:-) Window Washer Mime


This is a mime in which most of the action is done silently by one person. The second person enters at the end and makes a closing comment.

This drama can be effective in illustrating the way we are so concerned with how things look on the outside when actually it is the inside we need to straighten out. God looks at the inner man. I Samuel 16:7b, "...man looks on the outward appearance, but the Lord looks on the heart."



A person walks on stage as though he were carrying a bucket of water and sets the bucket down beside himself. He outlines a window in front of him using a zipping motion, holding each corner. This allows the audience to imagine a window. He then picks up a rag out of the water and rings it out. In round motions he washes his window keeping inside the lines designated at the beginning. He drops the rag back into the water and picks up a squeegee. After running it along the window he runs his fingers down the edge of the squeegee to clean it and flicks the dirty water off his fingers. He repeats this approximately three times depending on the size of the window. After setting the squeegee in the bucket, he stands back with his hands on his hips to admire his job. Soon he notices a little spot so he focuses on this spot and tries to scrape it off with his nail. This doesn't work, so he breathes on it and wipes it with his sleeve.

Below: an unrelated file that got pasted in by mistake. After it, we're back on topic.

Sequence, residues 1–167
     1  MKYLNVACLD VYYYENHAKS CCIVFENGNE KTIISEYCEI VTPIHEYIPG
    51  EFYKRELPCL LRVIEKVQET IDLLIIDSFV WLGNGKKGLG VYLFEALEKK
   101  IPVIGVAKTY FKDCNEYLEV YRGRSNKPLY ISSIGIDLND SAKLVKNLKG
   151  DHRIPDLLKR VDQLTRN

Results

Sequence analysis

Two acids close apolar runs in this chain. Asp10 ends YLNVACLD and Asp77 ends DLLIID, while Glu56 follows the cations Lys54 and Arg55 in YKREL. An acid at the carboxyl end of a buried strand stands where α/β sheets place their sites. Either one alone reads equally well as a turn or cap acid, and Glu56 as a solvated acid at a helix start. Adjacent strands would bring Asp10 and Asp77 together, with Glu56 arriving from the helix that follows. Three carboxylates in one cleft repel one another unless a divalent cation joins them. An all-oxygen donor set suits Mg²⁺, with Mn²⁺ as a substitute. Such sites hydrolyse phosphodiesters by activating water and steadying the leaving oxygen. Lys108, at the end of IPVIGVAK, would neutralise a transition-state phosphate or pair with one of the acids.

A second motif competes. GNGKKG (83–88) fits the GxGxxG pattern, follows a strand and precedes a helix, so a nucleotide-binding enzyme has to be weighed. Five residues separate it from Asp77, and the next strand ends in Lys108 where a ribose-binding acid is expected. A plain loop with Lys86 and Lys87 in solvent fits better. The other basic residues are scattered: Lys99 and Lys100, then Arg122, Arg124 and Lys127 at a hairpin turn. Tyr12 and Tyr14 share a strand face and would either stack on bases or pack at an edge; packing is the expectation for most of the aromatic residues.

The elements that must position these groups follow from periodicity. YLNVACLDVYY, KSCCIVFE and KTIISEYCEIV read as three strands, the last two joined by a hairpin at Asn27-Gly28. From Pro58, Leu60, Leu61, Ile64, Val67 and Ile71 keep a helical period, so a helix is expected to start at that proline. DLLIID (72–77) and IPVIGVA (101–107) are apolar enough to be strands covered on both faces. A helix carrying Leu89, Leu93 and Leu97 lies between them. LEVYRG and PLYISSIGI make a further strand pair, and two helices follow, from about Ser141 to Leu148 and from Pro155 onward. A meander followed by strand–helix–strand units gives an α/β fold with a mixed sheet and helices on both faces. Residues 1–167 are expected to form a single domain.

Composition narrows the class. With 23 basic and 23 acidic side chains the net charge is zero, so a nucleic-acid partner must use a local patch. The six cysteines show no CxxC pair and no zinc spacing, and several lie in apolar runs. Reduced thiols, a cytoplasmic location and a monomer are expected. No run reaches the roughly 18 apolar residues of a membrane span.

After a short time, as he is getting more and more frustrated, a friend walks in, sees what is happening and breaks into laughter. After the friend has controlled his laughter, he says, "You'll never get it clean that way! The spot is on the inside." OR "Can't you see that you are scrubbing the outside when the spot is on the inside?" OR "Silly! The spot is on the inside!"

This document copyright (c) 1995 by Mathew Pole. Reproduction and/or distribution for non-commercial purposes is permissible providing that the drama is left fully intact. Permission is given to modify the drama for personal use, under the condition that the changes are not redistributed. Please send additions or corrections to Mathew and Paulyn Pole (mathew.paulyn@iname.com)
Last changed: Saturday 12 August 1995